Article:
Greenscapes and greenbuilding: integrating “engineered soils” as a stormwater best management practice in sustainable landscape construction
King, Wayne E., Sr.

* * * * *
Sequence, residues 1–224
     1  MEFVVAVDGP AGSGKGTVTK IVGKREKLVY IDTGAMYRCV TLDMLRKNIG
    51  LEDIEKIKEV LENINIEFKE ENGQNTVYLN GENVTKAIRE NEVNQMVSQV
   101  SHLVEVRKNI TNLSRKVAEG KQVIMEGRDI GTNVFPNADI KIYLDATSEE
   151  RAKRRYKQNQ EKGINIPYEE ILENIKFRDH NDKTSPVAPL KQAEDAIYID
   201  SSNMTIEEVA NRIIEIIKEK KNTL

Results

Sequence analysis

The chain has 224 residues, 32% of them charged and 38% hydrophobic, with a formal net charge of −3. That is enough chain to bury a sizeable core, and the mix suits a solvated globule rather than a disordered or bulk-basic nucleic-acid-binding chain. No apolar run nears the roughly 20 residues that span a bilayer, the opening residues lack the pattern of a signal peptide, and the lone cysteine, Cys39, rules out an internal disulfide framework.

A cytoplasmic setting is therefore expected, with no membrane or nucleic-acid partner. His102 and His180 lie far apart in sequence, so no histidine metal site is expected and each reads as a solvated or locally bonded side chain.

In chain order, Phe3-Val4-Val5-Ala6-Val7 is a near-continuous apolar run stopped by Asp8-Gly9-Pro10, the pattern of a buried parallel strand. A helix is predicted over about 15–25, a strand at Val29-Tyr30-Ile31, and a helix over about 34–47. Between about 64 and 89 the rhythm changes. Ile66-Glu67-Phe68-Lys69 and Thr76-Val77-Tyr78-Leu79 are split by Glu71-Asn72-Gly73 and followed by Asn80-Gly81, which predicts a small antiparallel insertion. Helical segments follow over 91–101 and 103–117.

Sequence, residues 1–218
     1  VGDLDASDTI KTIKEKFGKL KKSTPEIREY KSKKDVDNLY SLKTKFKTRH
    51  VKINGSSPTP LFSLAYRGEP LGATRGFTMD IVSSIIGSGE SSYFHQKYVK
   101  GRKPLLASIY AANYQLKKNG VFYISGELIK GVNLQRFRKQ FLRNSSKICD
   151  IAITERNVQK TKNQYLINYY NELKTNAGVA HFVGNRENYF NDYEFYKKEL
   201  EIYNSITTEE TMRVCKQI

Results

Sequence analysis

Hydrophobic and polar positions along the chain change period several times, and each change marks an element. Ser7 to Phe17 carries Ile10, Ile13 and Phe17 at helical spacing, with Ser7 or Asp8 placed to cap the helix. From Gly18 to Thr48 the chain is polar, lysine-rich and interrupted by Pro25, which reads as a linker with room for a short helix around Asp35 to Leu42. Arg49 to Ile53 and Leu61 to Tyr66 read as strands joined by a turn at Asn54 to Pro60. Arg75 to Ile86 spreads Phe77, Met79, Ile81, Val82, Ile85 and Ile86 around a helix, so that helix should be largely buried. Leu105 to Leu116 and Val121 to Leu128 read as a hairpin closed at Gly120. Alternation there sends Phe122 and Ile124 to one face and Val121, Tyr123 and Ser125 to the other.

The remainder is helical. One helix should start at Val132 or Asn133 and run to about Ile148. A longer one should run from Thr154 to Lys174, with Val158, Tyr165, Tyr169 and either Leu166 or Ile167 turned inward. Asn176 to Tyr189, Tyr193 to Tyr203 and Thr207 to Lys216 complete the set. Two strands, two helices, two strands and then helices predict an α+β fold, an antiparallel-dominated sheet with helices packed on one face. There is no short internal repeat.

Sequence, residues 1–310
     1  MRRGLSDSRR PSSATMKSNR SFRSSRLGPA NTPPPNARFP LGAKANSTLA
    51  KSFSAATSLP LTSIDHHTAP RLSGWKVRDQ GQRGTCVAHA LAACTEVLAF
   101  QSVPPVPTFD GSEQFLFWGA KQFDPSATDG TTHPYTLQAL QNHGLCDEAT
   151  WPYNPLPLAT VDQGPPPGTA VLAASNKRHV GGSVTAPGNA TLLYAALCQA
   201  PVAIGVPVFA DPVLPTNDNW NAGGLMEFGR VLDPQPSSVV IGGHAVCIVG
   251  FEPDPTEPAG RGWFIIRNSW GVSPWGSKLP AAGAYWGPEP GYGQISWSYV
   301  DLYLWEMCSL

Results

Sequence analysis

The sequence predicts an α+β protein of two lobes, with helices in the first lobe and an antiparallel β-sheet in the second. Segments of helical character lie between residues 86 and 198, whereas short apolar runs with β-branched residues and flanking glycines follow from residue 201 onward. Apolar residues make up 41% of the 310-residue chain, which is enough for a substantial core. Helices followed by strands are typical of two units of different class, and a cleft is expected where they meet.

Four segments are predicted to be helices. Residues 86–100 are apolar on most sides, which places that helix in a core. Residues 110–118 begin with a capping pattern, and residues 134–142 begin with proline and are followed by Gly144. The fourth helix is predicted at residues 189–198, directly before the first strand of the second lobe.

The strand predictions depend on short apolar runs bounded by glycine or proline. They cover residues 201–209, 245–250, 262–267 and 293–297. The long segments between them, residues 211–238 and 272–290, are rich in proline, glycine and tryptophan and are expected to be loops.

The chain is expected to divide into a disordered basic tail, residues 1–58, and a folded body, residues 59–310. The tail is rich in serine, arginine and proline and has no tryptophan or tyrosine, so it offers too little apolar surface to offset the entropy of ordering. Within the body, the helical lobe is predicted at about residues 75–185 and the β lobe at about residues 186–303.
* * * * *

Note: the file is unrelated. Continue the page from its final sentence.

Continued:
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Engineered Soils and Landscape Systems (ES&LS) are emerging as low impact development (LID) tools that can be used to mimic predevelopment hydrology and preserve water quality in developing watersheds. Healthy soil and landscape systems provide many important stormwater management functions; when properly designed, these systems route stormwater runoff through functional landscapes that store, infiltrate, evaporate, filter, and slow the velocity of stormwater runoff, reducing both peak flows and volume. Engineered soils are now being designed with compost and mineral aggregates in a measurable way so as to meet specific soil quality and depth requirements and perform to a standard of permeability, stability, and fertility. Properly functioning soils have multiple benefits and are cost-effective in terms of improved plant vigor, stormwater infiltration, water conservation, and pollution control. The use of ES&LS has the potential to reverse the land development trend in which thin layers of synthesized soil are used to replace native soil. In the future, these systems may also be used to reduce the sizing requirements for downstream detention and treatment systems--providing substantial savings in construction costs while providing a more aesthetically pleasing and sustainable landscape.